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A Tale of Two Cancellations

Eric Stoltz in Caprica - photo: Syfy

Well TV nerds, we’re over halfway through November sweeps which means the vast majority of cancellations in 2010’s fall TV season have come and gone. Interestingly, of the five “default” candidates in my 2010 Dead Pool blog, none have actually been cancelled, and some – Outsourced, whoops! </facepalm> –  are bona-fide hits. (Though in the case of Running Wilde, it’s presumed that no news is bad news and Fox will probably let it expire quietly without ordering more episodes.) Meanwhile, amongst the definite cancellations, there are two that I’m really compelled to drop my two or four cents on – Caprica, which returned for the back-half of its first season on Syfy in October and was swiftly yanked from the schedule after four weeks; and Rubicon, AMC’s little thinker that could which, as it turns out, couldn’t.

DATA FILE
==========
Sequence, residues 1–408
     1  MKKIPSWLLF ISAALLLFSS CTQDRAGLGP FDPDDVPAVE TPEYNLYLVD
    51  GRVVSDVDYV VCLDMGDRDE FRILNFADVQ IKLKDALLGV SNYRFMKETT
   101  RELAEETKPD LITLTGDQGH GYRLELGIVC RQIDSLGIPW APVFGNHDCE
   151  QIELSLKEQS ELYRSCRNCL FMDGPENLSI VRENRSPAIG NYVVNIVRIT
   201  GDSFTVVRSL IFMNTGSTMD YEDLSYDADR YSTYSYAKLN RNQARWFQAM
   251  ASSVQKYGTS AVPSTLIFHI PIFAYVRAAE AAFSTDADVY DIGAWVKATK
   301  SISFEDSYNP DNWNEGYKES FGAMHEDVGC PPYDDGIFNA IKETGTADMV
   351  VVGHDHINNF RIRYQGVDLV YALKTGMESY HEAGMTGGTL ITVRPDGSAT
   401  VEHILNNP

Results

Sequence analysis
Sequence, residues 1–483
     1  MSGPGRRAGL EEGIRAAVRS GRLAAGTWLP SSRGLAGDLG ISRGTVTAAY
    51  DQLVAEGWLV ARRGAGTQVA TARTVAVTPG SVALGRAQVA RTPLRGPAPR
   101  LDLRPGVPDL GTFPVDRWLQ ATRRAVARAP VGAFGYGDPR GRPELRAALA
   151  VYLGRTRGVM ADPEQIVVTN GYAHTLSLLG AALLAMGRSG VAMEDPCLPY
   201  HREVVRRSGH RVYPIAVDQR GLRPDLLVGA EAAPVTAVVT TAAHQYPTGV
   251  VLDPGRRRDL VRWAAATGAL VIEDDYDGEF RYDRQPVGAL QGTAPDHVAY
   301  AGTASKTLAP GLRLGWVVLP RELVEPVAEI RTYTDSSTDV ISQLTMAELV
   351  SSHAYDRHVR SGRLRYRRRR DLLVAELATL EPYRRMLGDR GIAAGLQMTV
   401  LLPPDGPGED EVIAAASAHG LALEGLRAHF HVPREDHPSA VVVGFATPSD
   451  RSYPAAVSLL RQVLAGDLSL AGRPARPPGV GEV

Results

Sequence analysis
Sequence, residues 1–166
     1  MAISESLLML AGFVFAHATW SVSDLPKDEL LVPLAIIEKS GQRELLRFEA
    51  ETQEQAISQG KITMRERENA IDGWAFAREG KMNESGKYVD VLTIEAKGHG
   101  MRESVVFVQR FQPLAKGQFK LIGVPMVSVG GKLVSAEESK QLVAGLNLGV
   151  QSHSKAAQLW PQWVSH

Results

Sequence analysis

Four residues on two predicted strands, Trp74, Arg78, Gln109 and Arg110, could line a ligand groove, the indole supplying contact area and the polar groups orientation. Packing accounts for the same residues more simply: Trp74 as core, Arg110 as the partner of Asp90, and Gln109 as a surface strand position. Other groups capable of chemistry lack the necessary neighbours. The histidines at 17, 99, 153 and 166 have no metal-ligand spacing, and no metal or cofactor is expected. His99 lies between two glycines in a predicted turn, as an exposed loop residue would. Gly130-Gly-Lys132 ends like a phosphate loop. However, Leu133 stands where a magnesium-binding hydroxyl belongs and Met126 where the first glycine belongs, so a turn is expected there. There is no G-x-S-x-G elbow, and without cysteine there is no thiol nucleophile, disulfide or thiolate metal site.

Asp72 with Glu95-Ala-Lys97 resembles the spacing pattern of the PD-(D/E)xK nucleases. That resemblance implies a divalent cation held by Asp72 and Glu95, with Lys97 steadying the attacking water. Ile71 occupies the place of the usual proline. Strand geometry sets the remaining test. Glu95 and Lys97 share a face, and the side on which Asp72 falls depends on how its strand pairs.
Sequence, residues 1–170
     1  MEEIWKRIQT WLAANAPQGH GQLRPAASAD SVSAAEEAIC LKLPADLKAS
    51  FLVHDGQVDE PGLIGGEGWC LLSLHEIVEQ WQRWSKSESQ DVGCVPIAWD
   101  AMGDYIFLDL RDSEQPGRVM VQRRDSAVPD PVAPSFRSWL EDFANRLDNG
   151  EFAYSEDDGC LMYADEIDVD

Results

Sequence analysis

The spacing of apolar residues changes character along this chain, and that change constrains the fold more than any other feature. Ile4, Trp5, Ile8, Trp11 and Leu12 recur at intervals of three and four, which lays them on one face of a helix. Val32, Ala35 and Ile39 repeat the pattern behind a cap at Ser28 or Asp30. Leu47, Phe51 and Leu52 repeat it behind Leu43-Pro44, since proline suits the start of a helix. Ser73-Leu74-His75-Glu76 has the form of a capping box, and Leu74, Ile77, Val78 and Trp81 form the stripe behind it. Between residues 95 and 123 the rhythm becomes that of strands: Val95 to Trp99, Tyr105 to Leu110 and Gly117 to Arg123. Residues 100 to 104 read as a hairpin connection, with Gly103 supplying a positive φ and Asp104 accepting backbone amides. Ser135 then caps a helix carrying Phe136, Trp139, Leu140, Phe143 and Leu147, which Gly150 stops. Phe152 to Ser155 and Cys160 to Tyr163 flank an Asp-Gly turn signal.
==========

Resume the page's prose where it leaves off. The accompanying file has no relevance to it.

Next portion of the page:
Hard to know where to begin with Caprica, although I should start with my self-admitted massive Battlestar Galactica obsession. Like, bigger than the combined mass of all twelve colonies (and probably Kobol and both Earths, too) massive. When Caprica was announced, I was as trepidatious as any geek might be toward a prequel spinoff of my favorite show, however the extraordinary cast and early peeks gave me reason to anticipate. Though I was far from blown away by the way-early-released pilot, I still kept my hopes up… and continued to keep them up, even as they were clipped and tripped on a semi-regular basis, all throughout the first season. Here’s the thing – on an intellectual level, I found the political and theological issues raised on Caprica completely fascinating. (Though I had issues from a writing standpoint with some of what transpired on BSG, up to and including the finale, I never had a problem with the notion of introducing theological concepts and overall I still really love the show. Up to, and including, that finale!) I also really, really loved the Gibson-esque cyber realms introduced in Caprica via the holoband technology, and anticipated seeing how this would be tied together with the Cylon evolution toward the concepts we were introduced on BSG. (Suddenly, the Cylons’ ability to “project” their surroundings made a whole lot more sense…)